Local Authorities respond to the question … Why is linking important for  your area ?


‘We consider that the TLN approach provides CPD for school staff on creating an inclusive ethos, providing scaffolded opportunities for pupils to engage in real and meaningful dialogue and reflection, exploring identity, diversity, community, and equality. Being part of a local network, within a national project, ensures that the teachers feel confident about the research and quality of the strategy and resources. They also know that help is at hand should any issues arise (for example staff illness, long term absence, communication breakdown) reducing their anxiety and easing workload pressures. Teachers become part of a learning community, expanding their own understanding and expertise in partnership with others with equity, cooperation, common goals etc central to their experience, as well as the children.‘  Yvonne Luce, Global Education Derby

This year has shown more than ever why it is important to have School linking.  Like many other parts of our society, it has been longstanding that demographics in Pendle show large pockets of mono-cultural populations and a few geographical areas where there are diverse populations.

 For young people who already have little or zero interaction with a person from a different culture, evidence shows how ignorance, prejudice, racism, and social division breeds in such environments. We have had an increase in levels of racism and prejudice openly expressed with a blame game taking place between ethnic communities, as to why local restrictions have been imposed due to increased infection rates of Covid-19 and who is at fault. The best way to counter these negative social influences and tackle this social deficit is to connect –  the need to create opportunities of cross-cultural learning and development at a young age has never been so important. The level of work that has taken place nationally in terms of School Linking, must be sustained at the least.  Anything less will an exponential step backwards, not only limiting learning opportunities but also fragmenting and weakening relationships that have been built between Schools.  We are fortunate to have a network where good practice and models of engagement are shared and developed.  This is a national issue and therefore the current national infrastructure that exists must surely be supported to grow, rather than retract at such an important time in our national response to the range of impact the Coronavirus has had.’  Rauf Bashir, Building Bridges Pendle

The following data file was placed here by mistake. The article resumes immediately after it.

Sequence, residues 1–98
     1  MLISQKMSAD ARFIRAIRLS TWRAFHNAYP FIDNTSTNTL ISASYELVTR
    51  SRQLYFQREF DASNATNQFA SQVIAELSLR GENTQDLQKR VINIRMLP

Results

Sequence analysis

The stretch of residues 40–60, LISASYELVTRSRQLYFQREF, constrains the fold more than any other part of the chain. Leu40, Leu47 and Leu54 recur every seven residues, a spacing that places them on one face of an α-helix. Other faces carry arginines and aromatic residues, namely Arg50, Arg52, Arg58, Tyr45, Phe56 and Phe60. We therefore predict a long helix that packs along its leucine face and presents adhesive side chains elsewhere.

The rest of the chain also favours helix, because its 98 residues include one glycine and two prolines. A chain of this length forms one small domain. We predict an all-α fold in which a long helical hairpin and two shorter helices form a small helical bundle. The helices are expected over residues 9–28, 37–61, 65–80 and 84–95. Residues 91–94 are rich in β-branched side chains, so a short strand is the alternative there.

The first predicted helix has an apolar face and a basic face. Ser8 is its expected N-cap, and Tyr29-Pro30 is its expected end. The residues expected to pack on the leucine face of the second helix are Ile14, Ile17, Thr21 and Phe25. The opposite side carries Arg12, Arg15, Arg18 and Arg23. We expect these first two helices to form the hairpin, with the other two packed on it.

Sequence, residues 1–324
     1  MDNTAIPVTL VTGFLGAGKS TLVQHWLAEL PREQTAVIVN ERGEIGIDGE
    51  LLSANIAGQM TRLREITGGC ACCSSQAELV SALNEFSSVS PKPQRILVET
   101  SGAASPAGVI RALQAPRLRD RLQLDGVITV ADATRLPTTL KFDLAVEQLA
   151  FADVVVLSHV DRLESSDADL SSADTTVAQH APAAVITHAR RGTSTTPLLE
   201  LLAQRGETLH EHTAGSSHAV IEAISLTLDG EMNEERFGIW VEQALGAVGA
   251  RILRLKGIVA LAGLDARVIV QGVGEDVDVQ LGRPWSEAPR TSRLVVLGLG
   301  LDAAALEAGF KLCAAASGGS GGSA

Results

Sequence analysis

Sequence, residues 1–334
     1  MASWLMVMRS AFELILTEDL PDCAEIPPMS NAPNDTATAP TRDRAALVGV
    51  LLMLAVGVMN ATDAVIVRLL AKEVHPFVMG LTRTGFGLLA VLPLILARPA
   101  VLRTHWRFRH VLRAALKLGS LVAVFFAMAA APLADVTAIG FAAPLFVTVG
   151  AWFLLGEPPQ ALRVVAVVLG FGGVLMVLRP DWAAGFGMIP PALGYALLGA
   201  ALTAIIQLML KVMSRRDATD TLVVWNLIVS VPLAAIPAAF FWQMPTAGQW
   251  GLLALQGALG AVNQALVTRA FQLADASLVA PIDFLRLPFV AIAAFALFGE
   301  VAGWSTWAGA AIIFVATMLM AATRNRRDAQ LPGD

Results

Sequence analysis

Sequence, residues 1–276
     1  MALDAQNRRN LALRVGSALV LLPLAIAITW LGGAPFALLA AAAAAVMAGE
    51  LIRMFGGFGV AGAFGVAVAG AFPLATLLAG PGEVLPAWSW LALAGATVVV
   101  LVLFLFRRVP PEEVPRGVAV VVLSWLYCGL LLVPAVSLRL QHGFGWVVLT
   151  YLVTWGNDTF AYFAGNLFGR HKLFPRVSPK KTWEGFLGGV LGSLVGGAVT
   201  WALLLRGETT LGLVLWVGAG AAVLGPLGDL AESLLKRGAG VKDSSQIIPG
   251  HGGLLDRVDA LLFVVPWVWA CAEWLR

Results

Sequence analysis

The Linking Schools programme provides an opportunity for us to bring together children from completely different areas of the North East (Newcastle/Gateshead). We explore new ways of working with children, connecting children to each other using their cultural heritage as a catalyst for dialogue, debate, and discussion. At the moment it is more important than ever that children get the opportunity to meet, whether that is virtually or in person, sharing and exchanging experiences, stories and knowledge. This work would not be able to happen in Newcastle/Gateshead without the support from the Linking Network.‘  Anne Fountain, Newcastle Council

In Tower Hamlets we are very keen to support children’s relationships beyond their peer groups, currently virtually, in order to explore diversity in their community by linking with a contrasting school.  Curiosity, connection, and kindness are emphasised as the children come together.  Our support, modelled on that of the national network, ensures teachers have the skills and resources to nurture connections that are joyful, equitable and meaningful.  As a network the approach has been adapted in a way that would have been very difficult for one organisation alone to pull off, again underlining the value being part of a national network brings. ‘ Triny Diaz, Global Learning London